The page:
With all the effort you put into identifying the right product mix, you need to ensure you’re presenting your offering in the right way to make that work worthwhile.
In physical stores, customers tend to shop counter-clockwise – which makes the space to the right of your entryway prime real estate. Logically, that means it’s an ideal place for high-profit items – but it’s also a great opportunity to test out new items or clear out overstocked products. Data-driven insights into optimal usage of secondary space can really bring in those additional sales – just ensure that you’re monitoring sales from this area carefully, and be ready to swap out your displays rapidly for the best effect.
Through well designed format and space trials, you can run experiments and monitor the impact of each change. In the past, we have successfully assisted retailers in the design of experiments and narrowing down the best suited and best performing initiatives. With many of the retailers we were able to bring in incremental to the amount of thousands of pounds per week, per site. Design of experiments can further help identify synergy impacts of category adjacency and help optimise store layout based on product affinities.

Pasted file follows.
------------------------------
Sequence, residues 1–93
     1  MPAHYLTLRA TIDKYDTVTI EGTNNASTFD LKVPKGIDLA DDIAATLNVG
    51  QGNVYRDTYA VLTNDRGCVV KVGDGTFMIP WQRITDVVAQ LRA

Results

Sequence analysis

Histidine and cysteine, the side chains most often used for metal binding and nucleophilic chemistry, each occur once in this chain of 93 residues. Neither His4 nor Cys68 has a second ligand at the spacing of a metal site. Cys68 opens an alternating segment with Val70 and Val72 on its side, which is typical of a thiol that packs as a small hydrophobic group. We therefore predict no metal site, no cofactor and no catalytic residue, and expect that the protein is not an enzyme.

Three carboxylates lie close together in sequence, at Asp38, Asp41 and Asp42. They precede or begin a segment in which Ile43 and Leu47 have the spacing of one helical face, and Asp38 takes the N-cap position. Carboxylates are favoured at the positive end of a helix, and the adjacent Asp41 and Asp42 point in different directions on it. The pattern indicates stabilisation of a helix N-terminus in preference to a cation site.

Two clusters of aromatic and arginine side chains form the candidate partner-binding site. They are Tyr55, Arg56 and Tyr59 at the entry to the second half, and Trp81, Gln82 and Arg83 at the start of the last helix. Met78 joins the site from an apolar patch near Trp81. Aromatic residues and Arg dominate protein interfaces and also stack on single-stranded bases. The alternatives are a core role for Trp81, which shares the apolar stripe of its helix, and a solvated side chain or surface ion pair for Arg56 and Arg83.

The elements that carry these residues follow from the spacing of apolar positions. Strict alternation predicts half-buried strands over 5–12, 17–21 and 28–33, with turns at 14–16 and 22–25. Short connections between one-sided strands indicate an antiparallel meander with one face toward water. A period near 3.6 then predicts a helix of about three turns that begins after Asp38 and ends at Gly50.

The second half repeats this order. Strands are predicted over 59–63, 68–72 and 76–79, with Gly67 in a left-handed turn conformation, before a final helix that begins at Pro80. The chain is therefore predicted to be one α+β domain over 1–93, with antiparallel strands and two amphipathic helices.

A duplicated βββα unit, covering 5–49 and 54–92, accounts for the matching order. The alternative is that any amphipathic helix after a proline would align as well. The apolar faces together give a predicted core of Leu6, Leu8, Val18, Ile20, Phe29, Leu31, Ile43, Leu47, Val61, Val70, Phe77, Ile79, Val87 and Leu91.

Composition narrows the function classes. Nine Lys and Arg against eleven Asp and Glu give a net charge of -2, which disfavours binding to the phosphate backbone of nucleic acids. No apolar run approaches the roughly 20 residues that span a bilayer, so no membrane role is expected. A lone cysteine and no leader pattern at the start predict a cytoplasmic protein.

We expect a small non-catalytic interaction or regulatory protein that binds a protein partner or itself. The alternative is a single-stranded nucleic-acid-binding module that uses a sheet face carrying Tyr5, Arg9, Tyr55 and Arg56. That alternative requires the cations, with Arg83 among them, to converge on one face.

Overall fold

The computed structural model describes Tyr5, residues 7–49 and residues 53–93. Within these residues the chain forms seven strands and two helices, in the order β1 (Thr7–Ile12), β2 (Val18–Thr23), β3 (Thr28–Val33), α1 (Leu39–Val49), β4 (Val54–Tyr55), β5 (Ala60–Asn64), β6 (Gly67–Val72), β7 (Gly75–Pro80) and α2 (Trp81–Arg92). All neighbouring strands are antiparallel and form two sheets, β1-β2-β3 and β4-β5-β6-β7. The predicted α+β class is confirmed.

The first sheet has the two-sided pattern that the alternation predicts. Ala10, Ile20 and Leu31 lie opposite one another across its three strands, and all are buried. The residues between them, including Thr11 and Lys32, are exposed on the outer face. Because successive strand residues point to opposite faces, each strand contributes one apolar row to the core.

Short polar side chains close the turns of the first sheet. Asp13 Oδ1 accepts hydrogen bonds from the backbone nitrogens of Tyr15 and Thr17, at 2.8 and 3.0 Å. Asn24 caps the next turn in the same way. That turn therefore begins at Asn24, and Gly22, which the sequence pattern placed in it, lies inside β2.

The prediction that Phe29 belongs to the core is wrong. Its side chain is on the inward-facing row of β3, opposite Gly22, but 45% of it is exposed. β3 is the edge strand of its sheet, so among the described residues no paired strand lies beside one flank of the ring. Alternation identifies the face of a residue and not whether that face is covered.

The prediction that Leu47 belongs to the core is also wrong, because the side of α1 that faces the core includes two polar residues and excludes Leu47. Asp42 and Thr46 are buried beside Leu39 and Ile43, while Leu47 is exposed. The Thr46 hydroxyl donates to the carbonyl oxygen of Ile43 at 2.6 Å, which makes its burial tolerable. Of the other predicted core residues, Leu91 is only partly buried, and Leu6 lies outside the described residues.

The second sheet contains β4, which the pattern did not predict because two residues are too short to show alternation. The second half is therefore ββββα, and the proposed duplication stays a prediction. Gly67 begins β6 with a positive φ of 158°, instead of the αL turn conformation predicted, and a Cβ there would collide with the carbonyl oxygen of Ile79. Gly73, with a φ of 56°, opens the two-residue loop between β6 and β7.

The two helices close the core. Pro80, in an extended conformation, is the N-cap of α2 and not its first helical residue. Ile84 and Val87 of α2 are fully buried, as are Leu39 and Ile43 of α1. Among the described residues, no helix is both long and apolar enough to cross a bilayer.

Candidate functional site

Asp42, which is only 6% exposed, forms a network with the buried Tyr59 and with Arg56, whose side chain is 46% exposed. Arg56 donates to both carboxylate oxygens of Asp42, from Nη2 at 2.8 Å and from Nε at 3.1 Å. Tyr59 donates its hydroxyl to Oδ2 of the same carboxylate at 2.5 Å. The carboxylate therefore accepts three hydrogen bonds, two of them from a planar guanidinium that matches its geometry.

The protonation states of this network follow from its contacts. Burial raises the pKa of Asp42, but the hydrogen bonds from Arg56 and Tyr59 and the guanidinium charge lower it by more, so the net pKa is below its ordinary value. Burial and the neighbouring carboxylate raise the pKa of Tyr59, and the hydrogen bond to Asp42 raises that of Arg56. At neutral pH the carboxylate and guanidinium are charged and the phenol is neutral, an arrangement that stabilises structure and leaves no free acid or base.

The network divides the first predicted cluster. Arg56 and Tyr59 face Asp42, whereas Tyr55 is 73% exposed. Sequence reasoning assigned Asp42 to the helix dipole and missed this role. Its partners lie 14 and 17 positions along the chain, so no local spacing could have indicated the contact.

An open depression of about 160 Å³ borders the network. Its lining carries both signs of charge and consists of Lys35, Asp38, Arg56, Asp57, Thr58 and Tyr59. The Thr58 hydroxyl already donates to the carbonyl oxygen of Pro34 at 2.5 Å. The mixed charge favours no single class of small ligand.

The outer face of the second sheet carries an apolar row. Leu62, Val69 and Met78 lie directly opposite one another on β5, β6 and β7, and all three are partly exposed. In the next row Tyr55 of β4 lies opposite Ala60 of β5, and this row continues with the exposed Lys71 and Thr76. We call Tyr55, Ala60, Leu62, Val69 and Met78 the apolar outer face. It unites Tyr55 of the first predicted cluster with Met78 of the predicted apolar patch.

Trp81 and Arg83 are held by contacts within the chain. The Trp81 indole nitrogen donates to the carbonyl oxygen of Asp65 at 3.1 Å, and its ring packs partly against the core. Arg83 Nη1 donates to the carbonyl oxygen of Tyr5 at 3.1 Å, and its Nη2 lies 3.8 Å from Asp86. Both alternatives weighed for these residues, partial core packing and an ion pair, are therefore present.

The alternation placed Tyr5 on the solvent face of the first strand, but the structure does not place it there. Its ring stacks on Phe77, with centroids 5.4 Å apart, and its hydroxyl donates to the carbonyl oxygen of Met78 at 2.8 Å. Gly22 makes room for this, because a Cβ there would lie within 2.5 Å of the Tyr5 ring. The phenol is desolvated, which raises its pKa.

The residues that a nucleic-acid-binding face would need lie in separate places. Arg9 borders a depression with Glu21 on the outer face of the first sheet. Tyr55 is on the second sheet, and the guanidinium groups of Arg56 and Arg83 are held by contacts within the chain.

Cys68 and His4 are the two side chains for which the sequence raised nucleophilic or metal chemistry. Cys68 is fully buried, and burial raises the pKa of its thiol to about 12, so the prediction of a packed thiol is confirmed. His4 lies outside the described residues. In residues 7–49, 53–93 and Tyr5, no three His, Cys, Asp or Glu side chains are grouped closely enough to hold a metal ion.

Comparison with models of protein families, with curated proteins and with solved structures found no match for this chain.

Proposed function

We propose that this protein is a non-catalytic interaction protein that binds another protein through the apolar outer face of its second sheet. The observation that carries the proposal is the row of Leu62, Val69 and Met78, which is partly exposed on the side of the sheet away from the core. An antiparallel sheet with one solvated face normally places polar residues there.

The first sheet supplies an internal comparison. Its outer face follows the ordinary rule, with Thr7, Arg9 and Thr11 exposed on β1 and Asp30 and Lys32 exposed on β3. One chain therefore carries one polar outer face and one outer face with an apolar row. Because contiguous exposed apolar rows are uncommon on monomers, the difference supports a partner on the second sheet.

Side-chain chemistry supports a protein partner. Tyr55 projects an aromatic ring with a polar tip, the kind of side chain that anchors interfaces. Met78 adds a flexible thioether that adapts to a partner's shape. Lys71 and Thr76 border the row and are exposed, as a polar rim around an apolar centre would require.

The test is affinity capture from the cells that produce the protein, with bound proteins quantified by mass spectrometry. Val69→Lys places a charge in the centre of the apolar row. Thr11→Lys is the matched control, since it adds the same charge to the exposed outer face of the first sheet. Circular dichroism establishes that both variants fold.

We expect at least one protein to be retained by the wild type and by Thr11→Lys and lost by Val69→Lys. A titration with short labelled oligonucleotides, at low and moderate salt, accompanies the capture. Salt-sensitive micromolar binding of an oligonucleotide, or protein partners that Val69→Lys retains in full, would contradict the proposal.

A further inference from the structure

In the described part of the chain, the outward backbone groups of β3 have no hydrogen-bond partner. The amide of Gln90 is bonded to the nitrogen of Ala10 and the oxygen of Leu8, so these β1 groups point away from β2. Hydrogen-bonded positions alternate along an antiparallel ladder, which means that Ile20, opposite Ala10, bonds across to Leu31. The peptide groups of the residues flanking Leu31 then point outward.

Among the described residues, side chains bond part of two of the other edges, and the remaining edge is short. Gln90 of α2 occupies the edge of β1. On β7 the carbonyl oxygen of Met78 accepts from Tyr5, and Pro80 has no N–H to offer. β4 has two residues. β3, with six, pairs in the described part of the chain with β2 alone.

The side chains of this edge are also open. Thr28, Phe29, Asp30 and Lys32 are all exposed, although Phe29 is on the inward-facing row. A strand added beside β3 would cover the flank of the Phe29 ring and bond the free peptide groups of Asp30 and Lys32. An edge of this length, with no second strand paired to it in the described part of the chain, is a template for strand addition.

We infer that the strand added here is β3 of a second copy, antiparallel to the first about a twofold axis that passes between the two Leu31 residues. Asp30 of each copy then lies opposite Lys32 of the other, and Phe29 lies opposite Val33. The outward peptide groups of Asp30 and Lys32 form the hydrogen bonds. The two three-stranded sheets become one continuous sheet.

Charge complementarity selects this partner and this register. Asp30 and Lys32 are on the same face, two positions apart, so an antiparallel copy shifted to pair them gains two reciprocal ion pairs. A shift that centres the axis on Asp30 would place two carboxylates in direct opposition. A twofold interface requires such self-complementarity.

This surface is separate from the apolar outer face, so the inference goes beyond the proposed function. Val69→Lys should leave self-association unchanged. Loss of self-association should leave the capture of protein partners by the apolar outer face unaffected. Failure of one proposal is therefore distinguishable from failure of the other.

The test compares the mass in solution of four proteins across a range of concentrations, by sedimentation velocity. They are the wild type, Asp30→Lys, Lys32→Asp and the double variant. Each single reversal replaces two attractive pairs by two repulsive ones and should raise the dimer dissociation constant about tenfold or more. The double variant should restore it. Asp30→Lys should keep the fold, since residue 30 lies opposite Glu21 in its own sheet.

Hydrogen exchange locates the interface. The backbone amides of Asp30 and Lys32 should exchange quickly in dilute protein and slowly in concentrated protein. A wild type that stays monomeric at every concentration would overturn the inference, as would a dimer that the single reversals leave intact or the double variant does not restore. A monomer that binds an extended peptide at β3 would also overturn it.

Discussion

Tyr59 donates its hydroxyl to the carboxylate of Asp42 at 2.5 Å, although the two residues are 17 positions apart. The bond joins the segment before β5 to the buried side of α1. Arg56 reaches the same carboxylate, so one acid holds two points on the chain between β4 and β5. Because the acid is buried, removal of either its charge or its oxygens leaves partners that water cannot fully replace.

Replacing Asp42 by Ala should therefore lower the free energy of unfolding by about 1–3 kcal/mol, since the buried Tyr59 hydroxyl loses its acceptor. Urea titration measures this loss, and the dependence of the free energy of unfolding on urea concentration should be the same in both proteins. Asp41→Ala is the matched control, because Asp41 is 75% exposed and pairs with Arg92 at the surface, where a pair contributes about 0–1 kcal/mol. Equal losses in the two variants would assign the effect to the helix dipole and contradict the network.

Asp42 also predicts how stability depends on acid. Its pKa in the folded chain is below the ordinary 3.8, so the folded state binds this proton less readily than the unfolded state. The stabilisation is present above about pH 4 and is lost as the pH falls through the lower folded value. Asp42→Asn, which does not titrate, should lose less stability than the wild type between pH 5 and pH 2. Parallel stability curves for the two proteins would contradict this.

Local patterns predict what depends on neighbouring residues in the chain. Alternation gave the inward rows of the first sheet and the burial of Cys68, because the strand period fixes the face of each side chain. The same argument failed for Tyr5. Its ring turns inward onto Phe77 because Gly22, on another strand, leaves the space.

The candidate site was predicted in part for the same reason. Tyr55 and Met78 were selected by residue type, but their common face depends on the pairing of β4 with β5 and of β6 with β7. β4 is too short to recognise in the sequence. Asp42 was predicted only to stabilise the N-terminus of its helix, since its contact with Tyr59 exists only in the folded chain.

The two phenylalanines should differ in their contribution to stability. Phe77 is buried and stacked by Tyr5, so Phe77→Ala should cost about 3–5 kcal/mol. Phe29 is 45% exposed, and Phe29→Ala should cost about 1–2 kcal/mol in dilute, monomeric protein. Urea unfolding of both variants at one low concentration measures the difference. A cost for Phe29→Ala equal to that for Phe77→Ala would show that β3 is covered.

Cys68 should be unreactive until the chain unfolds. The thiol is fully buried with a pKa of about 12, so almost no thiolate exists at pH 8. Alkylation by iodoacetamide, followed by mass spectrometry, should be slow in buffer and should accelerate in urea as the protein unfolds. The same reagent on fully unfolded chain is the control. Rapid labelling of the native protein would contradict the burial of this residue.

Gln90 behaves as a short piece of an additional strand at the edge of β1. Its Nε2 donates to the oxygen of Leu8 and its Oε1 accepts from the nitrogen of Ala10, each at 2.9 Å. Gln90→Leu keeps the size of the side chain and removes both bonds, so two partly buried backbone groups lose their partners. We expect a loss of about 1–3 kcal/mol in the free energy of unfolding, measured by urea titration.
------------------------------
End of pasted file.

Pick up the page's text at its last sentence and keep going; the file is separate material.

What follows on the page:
For physical shopping, with advances in video analytics, you can use your in-store CCTV network to link these metrics to the actual demographics of your shoppers – tying them to factors such as age group, gender and shopper preference.